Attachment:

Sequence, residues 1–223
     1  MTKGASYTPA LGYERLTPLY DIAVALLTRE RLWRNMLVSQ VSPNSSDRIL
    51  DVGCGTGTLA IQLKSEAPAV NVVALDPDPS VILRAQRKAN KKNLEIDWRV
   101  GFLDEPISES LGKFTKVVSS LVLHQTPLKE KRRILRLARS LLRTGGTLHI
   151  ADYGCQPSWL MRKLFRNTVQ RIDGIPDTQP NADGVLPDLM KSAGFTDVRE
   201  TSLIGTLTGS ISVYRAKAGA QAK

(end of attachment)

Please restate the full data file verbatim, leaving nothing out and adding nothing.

Sequence, residues 1–223
     1  MTKGASYTPA LGYERLTPLY DIAVALLTRE RLWRNMLVSQ VSPNSSDRIL
    51  DVGCGTGTLA IQLKSEAPAV NVVALDPDPS VILRAQRKAN KKNLEIDWRV
   101  GFLDEPISES LGKFTKVVSS LVLHQTPLKE KRRILRLARS LLRTGGTLHI
   151  ADYGCQPSWL MRKLFRNTVQ RIDGIPDTQP NADGVLPDLM KSAGFTDVRE
   201  TSLIGTLTGS ISVYRAKAGA QAK